Canadian Quarterly Economic Forecast

COVID-19 Shifts the Sands Under the Global Economy

Date Published: March 17, 2020

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  • The COVID-19 outbreak has quickly morphed into an unprecedented global economic shock. What started out largely focused on China’s highly-integrated supply chains, has turned into a globally transmitted supply and demand shock. As more countries try to clamp down on the virus’ spread with social distancing tactics, an initial sharp drop in travel and tourism is being followed by a reduction in other activities and spending. This is now a question of whether governments and central banks can shore up business and household confidence, in the face of extreme equity and bond market volatility.  
  • Past virus outbreaks offer only limited insight into current developments. A key distinction with COVID-19 is not the number of impacted countries, but rather the strong behavioral response to limit contagion via large-scale quarantines and interruptions to business operations. We have not seen anything similar in scale in recent history. The result creates far more forecast uncertainty over the next several months. 
  • Wild swings in global equity markets have echoed and amplified these concerns, further punctuated by an unanticipated sharp drop in oil prices. Weakening global demand was already weighing on oil prices. However, a failed OPEC+ meeting to tighten supplies led to a complete 180-degree tactical move by Saudi Arabia, which has decided to instead flood the market with record levels of supply. This appears to be an attempt to squeeze out marginal producers and strong-arm other OPEC+ members to fall in line. 
  • Regardless of the rationale, the negative ramifications are borne out in oil-exporting regions, with Canada among those absorbing a significant income shock. The U.S. oil and gas sector will also not be spared, with the potential for amplified financial risks imparted to heavily indebted firms.   
  • As we’ve noted several times in the past, markets always fear what they cannot measure. Today’s environment is riddled with uncertainty, complicated by a large economic shock from business and household behavioral adjustments. 
  • When sitting within the nexus of uncertainty, it’s important to not have a knee-jerk reaction on the forecast. We must permit time to evaluate the responses of central banks and governments to mitigate the downside. In doing so, we start with some basic assumptions based on observations. The first of these is that preliminary data indicate China’s aggressive quarantine measures have limited the number of new cases of the virus and contained the economic shock to a relatively short period of roughly three months. However, for that period of containment, the impact to retail sales and industrial production was far greater than ever seen in its historical data.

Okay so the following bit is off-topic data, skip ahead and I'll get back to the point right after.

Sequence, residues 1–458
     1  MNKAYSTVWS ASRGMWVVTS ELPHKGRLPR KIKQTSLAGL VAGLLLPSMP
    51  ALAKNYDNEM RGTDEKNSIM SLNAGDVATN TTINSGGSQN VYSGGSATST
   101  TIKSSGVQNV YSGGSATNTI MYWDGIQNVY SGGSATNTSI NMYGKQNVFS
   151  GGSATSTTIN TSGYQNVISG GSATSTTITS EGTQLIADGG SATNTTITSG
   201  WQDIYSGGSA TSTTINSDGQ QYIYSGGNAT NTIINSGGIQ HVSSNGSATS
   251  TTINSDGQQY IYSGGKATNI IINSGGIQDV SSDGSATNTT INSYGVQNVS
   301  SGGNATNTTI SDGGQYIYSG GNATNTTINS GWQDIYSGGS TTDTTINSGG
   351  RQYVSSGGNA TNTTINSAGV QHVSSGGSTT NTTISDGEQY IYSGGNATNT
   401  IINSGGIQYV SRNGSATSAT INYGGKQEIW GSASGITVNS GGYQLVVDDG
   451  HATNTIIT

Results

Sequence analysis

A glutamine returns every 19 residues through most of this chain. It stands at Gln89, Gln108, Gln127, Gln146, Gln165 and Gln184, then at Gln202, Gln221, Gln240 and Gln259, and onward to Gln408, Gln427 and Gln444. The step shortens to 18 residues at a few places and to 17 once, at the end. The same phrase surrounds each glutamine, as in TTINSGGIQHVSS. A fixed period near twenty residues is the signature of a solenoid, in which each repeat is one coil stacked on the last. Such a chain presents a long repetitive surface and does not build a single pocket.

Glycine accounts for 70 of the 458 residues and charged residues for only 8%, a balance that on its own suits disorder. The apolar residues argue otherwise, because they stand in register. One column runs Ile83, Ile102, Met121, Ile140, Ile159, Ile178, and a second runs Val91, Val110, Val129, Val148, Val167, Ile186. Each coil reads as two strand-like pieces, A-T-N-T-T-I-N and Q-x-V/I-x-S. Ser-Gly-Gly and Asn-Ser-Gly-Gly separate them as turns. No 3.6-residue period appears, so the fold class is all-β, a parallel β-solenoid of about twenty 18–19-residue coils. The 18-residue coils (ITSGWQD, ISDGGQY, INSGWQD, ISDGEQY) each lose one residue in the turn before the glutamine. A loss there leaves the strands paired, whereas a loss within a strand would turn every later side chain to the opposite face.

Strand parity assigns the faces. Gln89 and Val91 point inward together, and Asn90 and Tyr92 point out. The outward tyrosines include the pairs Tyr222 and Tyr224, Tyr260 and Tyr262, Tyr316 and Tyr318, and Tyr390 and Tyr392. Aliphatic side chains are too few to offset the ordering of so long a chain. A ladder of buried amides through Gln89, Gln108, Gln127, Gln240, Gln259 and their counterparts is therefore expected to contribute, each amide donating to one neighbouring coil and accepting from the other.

Other Forecasts

  • This speaks to depth, but not duration. We assume similar outcomes occur among other countries, with Italy, Spain, and France being the latest to implement stringent containment measures. Together, this assumption reduces global growth by 1.3 percentage points and leads to the slowest pace since the global financial crisis, at just 1.7%. However, the recovery phase creates a tailwind to growth in the second half of this year, which lifts our 2021 annual growth by 0.7 percentage points (to 4.0%) relative to our prior forecast in December.
  • For the United States and Canada, the impact on activity is expected to follow a similar pattern, with the second quarter bearing the brunt of the economic adjustment. Canada’s greater dependence on global trade and commodity exports implies a more severe economic impact than stateside, made worse by the added negative income shock from the sudden drop in energy prices. However, in advance of the real impacts to either economy, both central banks have responded proactively by lowering rates and shoring up liquidity. In addition, governments have been able to mobilize to ensure appropriate income support measures will be in place to the most heavily impacted businesses and households. Combining the influences still results in a significant downgrade to our 2020 forecast, by 1.4 percentage points for Canada and one percentage point for the U.S. with annual growth of 0.2% and 1.0%, respectively.

Containment is priority number one

Table 1: Forecast Revisions
  Dec QEF Mar QEF Change
  2020 2021 2020 2021 2020 2021
World 3.0 3.3 1.7 4.0 -1.3 0.6
 Advanced 1.5 1.7 -0.1 2.3 -1.6 0.6
  U.S. 2.0 1.9 1.0 2.1 -1.0 0.2
  Canada 1.6 1.8 0.2 2.1 -1.4 0.3
  UK 0.9 1.5 -0.7 2.4 -1.6 0.9
  Japan 0.6 0.8 -1.4 1.1 -2.0 0.3
  Euro Area 1.2 1.5 -1.6 2.5 -2.9 1.0
       Germany 0.5 1.4 -0.5 2.1 -1.0 0.7
 Emerging Markets 4.1 4.4 2.9 5.1 -1.2 0.7
  China 5.9 5.7 4.1 7.3 -1.7 1.6
Source: TD Economics 
  • As the virus has spread, attention has rightly turned to the policy response. The first task is to contain the virus. Large scale quarantines in China led to a steep drop in economic activity in February. This was evidenced by double-digit declines in auto sales, exports and plummeting manufacturing activity. China’s manufacturing sentiment indicator plummeted to 35.7, a level that is lower than the global financial crisis experience (38.8). The good news is that the rapid decline in reported new virus cases is prompting Chinese authorities to begin to normalize operations. Absent another large breakout elsewhere in the country, growth is expected to re-emerge in the second quarter of this year.